Ministers are not discussing controls on apprenticeship levy spending amid re-emerging concerns that the pot could run dry, Robert Halfon has said.
The skills and apprenticeships minister batted away warning signs of budget overspend and insisted his department “can’t judge employer behaviour” and does not know the direction the budget will take each year.
He is instead focussed on achieving “as many starts as possible”.
Halfon made the comments in an interview, his first with FE Week since returning as minister, during a country-wide tour celebrating National Apprenticeship Week.
He took a swipe at business groups and the national media for peddling fake news about “wasted” levy funding, took a firm stance on calls to widen uses for the levy, and discussed his “top priorities”, including boosting achievement rates.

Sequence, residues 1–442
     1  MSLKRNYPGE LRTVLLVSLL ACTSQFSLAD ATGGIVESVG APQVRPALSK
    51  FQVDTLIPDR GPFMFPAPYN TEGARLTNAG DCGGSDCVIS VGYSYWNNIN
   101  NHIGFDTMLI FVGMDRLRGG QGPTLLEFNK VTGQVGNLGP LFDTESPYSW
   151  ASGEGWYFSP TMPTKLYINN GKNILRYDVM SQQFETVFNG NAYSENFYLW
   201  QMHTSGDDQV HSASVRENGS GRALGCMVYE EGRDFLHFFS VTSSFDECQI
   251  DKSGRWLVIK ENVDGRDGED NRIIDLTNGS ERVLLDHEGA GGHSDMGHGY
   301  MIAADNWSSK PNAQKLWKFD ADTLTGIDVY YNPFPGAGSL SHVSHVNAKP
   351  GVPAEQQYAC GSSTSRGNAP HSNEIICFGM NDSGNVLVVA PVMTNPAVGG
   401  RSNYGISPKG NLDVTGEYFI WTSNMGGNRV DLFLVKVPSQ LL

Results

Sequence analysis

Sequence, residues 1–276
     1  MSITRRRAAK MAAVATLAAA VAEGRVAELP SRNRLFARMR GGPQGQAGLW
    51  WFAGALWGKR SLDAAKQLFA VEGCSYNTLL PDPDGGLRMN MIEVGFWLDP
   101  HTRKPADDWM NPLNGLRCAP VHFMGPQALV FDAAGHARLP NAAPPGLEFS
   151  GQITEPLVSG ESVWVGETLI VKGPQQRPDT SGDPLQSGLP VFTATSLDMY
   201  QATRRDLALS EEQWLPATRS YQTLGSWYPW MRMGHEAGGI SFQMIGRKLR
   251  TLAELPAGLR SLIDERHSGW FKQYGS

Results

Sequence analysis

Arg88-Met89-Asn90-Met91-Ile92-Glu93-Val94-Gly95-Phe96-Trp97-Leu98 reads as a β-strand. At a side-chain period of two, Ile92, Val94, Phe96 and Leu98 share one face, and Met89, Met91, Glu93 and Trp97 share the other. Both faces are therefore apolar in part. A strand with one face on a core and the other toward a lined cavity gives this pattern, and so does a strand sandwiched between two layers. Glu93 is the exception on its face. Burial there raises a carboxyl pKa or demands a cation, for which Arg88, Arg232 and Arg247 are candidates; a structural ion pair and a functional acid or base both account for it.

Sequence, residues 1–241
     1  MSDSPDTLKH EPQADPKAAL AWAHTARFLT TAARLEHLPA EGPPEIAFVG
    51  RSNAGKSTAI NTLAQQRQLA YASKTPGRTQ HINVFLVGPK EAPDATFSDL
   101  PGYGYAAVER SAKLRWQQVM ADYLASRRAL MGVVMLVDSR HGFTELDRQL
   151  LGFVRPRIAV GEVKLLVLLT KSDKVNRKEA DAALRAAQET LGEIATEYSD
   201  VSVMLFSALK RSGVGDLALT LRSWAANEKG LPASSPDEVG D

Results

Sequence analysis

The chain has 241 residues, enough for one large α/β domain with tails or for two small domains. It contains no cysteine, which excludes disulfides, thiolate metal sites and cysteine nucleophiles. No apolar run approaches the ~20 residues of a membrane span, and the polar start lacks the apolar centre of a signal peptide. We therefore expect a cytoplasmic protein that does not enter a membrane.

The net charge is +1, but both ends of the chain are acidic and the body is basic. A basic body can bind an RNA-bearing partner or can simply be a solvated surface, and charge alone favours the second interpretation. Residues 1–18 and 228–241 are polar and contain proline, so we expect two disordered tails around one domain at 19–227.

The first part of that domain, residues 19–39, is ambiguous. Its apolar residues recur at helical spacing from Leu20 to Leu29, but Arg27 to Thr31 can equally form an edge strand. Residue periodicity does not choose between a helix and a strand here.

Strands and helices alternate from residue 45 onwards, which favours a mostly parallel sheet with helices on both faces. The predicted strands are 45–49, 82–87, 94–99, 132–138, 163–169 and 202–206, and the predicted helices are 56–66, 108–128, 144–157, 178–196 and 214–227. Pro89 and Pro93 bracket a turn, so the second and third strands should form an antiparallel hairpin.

Apprenticeship budget sustainability risk
Since the levy’s launch in 2017, hundreds of millions of pounds of unspent apprenticeships funding has been returned to the Treasury each year against an annual budget of £2.5 billion. However, that underspend shrank to just £11 million in 2021-22 when 99.6 per cent of the budget was used.
The Institute for Apprenticeships and Technical Education first warned the apprenticeships budget was heading for an overspend in 2018 when it forecast spending over the next four years. The National Audit Office also flagged a “clear risk” the programme was not financially sustainable as costs of training apprentices hit about the figure expected in 2015 when the levy was designed.